Voices from a Fractured Landscape: Fracking, Senses of Place, and Risks in Taranaki, Aotearoa New Zealand

  • Author / Creator
    Bettini, Anna
  • Based in the rural region of Taranaki, Aotearoa New Zealand, this ethnographic study documents the senses of place and risks as variously experienced by members of the communities where hydraulic fracturing occurs. In New Zealand, hydraulic fracturing, or fracking, began in 1989, and approximately 100 operations have been undertaken in 39 wells in the Taranaki region alone. Taranaki is considered the center of oil and gas in the country and is simultaneously a region deeply pervaded by Māori history and values. Companies have established their presence through the years with well sites and production stations around residential areas and schools, and by often sharing land with dairy farms. When I arrived in the region in 2017, little to no ethnographic research had been conducted to understand the risks associated with the practice and the impacts involved with fracking in this area. Between 2017 and 2019, field visits were conducted, and data were collected using semi-structured and unstructured interviews and participant observation to record and understand the stories and voices of community members, farmers, engineers and workers in the oil and gas sector, Māori iwi and hapū members, environmental activists, and resource management and conservation experts. This dissertation presents their perspectives and the experiences around fracking, through a phenomenological lens, to investigate the changes in people’s senses of place and belonging.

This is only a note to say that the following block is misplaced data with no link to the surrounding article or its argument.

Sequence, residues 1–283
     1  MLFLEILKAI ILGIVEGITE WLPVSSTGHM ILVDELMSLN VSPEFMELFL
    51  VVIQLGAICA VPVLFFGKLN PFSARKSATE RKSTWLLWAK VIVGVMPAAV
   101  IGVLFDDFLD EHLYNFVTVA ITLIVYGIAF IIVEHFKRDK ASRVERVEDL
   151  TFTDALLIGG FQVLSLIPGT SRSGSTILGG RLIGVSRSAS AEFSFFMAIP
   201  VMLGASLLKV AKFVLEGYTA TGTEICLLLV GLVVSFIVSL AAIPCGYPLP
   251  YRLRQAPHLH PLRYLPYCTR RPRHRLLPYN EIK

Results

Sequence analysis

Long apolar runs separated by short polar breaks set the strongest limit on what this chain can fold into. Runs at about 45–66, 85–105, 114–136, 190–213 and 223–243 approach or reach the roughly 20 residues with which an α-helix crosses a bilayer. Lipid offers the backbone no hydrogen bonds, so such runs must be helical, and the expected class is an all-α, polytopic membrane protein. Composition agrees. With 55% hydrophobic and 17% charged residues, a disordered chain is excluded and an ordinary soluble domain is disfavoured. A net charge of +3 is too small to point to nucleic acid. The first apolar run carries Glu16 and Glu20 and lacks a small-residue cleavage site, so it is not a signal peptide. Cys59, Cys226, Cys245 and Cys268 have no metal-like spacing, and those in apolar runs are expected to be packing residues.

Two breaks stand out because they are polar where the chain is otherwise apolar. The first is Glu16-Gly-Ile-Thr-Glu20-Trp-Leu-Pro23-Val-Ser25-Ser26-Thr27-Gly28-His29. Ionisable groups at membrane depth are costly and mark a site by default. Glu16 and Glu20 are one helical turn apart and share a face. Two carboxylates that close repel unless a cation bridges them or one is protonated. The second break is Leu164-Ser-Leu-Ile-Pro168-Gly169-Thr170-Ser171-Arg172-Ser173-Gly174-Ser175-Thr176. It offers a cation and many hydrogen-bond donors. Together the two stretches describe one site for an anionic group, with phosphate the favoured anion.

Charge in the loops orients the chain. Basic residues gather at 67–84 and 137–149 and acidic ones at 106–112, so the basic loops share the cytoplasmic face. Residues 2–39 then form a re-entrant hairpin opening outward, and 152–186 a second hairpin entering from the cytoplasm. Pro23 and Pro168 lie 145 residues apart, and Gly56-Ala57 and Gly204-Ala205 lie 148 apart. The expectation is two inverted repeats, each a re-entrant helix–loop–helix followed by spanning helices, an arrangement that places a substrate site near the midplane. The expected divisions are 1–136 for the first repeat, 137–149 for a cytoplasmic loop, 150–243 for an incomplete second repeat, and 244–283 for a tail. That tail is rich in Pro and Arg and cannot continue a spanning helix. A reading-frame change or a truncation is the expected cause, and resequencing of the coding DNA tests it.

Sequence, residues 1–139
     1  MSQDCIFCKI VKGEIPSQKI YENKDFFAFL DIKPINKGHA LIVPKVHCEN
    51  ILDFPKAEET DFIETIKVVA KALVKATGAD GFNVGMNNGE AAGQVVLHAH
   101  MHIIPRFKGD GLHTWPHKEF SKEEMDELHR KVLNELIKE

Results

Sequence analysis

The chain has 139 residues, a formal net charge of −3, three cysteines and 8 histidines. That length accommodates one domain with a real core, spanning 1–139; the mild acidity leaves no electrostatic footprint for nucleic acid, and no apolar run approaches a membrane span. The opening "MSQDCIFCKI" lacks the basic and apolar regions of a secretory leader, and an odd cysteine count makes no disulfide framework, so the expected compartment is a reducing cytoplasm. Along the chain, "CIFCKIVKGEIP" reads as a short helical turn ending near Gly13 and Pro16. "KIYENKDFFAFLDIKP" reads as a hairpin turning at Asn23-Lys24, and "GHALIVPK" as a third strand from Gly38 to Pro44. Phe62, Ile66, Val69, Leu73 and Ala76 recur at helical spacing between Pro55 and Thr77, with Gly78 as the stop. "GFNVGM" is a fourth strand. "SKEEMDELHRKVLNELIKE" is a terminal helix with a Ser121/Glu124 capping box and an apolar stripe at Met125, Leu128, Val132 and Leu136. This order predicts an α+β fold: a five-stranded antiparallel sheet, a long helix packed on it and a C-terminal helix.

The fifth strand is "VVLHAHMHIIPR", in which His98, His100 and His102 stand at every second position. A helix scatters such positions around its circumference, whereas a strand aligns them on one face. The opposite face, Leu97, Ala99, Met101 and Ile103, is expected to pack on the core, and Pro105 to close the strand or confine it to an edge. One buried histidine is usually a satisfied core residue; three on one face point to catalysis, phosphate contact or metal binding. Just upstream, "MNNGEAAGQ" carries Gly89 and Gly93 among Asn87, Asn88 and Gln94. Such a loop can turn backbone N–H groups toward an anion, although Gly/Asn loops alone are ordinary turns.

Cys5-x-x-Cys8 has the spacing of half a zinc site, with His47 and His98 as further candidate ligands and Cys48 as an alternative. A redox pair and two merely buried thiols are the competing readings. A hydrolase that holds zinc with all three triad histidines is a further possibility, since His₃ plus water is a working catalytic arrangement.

This dissertation contributes to ethnographic studies focused on unveiling the risks and living conditions experienced by those living in fossil fuel-dependent regions, where new or unconventional extractive techniques occur. This analysis highlights social friction among members of the local community, families, and friends, impacts to sense of place, and the sense of anguish and disempowerment many feel when witnessing the changes in the surrounding environment.  

  • Subjects / Keywords
  • Graduation date
    Spring 2022
  • Type of Item
  • Degree
    Doctor of Philosophy
  • DOI
  • License
    This thesis is made available by the University of Alberta Libraries with permission of the copyright owner solely for non-commercial purposes. This thesis, or any portion thereof, may not otherwise be copied or reproduced without the written consent of the copyright owner, except to the extent permitted by Canadian copyright law.